Supreme Court of Canada, Dunmore v. Ontario (Attorney General), 20 December 2001, No. 2001 SCC 94,  3 S.C.R. 1016
Protection against discrimination in employment and occupation , Freedom of association
Reference to international law to strengthen a decision based on domestic law
Freedom of association/ Protection against anti-union discrimination/ Exclusion of agricultural workers from the legal framework of labour relations/ The State’s positive obligation to protect freedom of association/ Violation of the Canadian Charter of Rights and Freedoms/ Reference to international law to strengthen a decision based on domestic law
In 1995, section 80 of the Labour Relations and Employment Statute Law Amendment Act (LRESLAA) abrogated the 1994 Agricultural Labour Relations Act (ALRA), which, for the first time, had expressly recognized the right of Ontario’s agricultural workers to unionize. Together, the aforesaid section 80 and section 3(b) of the 1995 Labour Relations Act (LRA) put an end to collective agreements in the agricultural sector, revoked the rights of the unions that had been accredited, and excluded agricultural workers from the protection introduced by the LRA against common law prohibitions on organizing and against the anti-unionization practices of employers.
The agricultural workers, in their own name and in that of the United Food and Commercial Workers International Union, challenged both the abrogation of the ALRA and their exclusion from the LRA before the Ontario courts. They argued that those provisions violated their freedom of association and their right to equality under the Canadian Charter of Rights and Freedoms (hereafter “the Charter”), which is part of the Constitution. After the Court of First Instance and the Ontario Court of Appeal both rejected their claim, the plaintiffs turned to the Canadian Supreme Court.
After determining that collective bargaining and the exercise of the right to strike did not fall within the scope of the claim, the Supreme Court deliberated whether there had been a violation of section 2(d) of the Charter, which gives everyone the fundamental freedom to associate.
In its analysis, the Court looked particularly at whether the collective activities of unions were effectively protected by section 2(d) of the Charter, and whether that section imposed upon the State a positive obligation to protect freedom of association that applied equally to agricultural workers. On these two points, the Supreme Court referred to international labour law to support and strengthen its reasoning.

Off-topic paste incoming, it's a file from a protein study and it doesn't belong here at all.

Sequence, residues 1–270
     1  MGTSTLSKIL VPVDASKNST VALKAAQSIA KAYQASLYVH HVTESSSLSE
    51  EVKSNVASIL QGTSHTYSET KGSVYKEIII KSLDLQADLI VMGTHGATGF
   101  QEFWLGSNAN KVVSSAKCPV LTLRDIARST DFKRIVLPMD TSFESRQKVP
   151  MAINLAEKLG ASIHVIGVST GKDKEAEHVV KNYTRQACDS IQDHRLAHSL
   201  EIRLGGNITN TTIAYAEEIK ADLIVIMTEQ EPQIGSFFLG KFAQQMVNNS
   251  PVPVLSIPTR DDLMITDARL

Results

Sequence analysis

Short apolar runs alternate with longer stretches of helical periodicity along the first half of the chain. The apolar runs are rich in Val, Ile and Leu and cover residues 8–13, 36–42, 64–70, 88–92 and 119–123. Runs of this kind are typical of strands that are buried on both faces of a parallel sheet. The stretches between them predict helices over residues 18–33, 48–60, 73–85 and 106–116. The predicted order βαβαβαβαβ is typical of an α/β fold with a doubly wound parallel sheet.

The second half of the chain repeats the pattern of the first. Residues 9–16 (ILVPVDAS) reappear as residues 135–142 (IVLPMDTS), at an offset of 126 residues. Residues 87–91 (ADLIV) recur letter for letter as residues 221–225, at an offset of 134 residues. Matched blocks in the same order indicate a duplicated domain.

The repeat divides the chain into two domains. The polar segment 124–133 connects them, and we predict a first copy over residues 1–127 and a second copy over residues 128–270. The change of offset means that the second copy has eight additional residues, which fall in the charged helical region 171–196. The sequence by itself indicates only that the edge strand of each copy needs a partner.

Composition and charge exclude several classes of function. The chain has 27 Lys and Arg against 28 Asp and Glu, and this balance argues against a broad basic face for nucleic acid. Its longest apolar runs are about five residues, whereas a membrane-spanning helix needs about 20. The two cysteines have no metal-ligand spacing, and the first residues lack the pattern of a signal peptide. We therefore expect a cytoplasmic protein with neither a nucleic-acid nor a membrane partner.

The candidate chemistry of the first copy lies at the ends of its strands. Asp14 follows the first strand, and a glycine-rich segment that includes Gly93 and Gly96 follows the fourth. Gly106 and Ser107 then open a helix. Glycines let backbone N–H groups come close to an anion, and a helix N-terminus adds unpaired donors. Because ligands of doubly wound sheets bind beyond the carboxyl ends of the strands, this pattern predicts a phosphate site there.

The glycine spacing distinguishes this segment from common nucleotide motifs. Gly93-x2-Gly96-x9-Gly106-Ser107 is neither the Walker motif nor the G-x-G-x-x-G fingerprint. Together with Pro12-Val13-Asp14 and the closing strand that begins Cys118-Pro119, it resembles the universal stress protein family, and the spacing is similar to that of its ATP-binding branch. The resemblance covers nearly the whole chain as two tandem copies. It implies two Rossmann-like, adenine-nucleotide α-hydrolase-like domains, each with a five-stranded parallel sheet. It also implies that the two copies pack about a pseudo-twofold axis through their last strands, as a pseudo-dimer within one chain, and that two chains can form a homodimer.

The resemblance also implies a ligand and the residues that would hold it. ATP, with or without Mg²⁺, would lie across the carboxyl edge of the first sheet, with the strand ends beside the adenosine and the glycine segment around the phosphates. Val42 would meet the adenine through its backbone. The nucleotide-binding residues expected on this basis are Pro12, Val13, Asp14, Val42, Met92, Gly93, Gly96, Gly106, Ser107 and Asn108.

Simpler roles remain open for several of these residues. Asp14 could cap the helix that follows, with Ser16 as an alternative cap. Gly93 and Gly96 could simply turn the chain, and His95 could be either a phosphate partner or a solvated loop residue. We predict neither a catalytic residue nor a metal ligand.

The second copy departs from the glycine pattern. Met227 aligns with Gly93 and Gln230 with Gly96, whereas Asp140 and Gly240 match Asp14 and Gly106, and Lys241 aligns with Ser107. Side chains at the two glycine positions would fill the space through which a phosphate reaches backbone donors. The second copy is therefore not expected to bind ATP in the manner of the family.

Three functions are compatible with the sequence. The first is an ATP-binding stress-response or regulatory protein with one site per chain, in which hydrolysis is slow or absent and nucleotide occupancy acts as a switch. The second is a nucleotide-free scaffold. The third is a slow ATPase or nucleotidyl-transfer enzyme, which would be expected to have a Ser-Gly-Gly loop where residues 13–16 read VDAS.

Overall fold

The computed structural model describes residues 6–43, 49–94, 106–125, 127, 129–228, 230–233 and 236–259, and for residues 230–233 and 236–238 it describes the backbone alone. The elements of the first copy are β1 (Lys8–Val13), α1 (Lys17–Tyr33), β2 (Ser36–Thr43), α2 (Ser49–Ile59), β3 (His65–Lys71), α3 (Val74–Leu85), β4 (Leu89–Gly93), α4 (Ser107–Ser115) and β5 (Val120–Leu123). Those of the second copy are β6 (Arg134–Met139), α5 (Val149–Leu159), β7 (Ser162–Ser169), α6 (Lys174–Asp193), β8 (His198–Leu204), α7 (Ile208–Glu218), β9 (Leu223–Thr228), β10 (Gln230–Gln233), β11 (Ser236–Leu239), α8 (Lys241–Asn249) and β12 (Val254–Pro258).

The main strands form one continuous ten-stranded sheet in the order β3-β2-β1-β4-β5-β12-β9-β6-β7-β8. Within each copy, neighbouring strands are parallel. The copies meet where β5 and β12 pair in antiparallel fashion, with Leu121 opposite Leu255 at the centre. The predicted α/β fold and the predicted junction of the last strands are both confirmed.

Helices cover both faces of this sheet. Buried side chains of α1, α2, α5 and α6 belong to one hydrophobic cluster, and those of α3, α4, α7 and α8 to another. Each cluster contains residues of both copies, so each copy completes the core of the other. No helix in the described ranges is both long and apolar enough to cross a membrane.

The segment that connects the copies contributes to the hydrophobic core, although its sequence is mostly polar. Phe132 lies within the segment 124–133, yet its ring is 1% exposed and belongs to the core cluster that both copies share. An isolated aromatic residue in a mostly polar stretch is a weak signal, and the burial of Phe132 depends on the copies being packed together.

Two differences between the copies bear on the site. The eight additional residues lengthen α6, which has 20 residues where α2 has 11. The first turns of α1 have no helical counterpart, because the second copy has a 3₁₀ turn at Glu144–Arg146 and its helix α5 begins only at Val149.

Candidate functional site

Firstly, the Court set out to determine whether the scope of section 2(d) was limited to the collective exercise of individual rights and freedoms, or whether it also covered the collective activities of unions that could not be exercised individually. The Court arrived at a broad interpretation of the scope of the section, and referred to international labour law to strengthen that conclusion. It specifically noted that the decisions of the ILO Committee on Freedom of Association showed that full recognition of freedom of association implied effective protection for activities with a collective dimension carried out by unions.
The Court then looked at the main legal question raised by the case, namely whether, under section 2(d) of the Charter, the State had a positive obligation to protect the freedom of association of agricultural workers. The legislation the case was about did not actually forbid agricultural workers to unionize; it simply did not grant them the protection accorded to other workers against anti-union practices.
Basing its reasoning mainly on its own case law, the Court concluded that whenever it could be proved that denying a group protection granted by the law made it impossible to exercise a freedom recognized by the Charter, the State had to extend the scope of that legal protection. To support the recognition of the State’s obligation to extend the system protecting freedom of association to agricultural workers, the Court referred to several ILO Conventions. The Court drew on Articles 2 and 10 of Convention No. 87, on Convention No. 11 and on Convention No. 141 to stress the central nature of the principle of non-discrimination in the effective recognition of freedom of association.
After amassing evidence that the exclusion of agricultural workers from legal protection curtailed the effective exercise of freedom of association, the Supreme Court of Canada, using the ILO Conventions to confirm its reasoning, declared section 80 of the LRESLAA and section 3(b) of the LRA unconstitutional.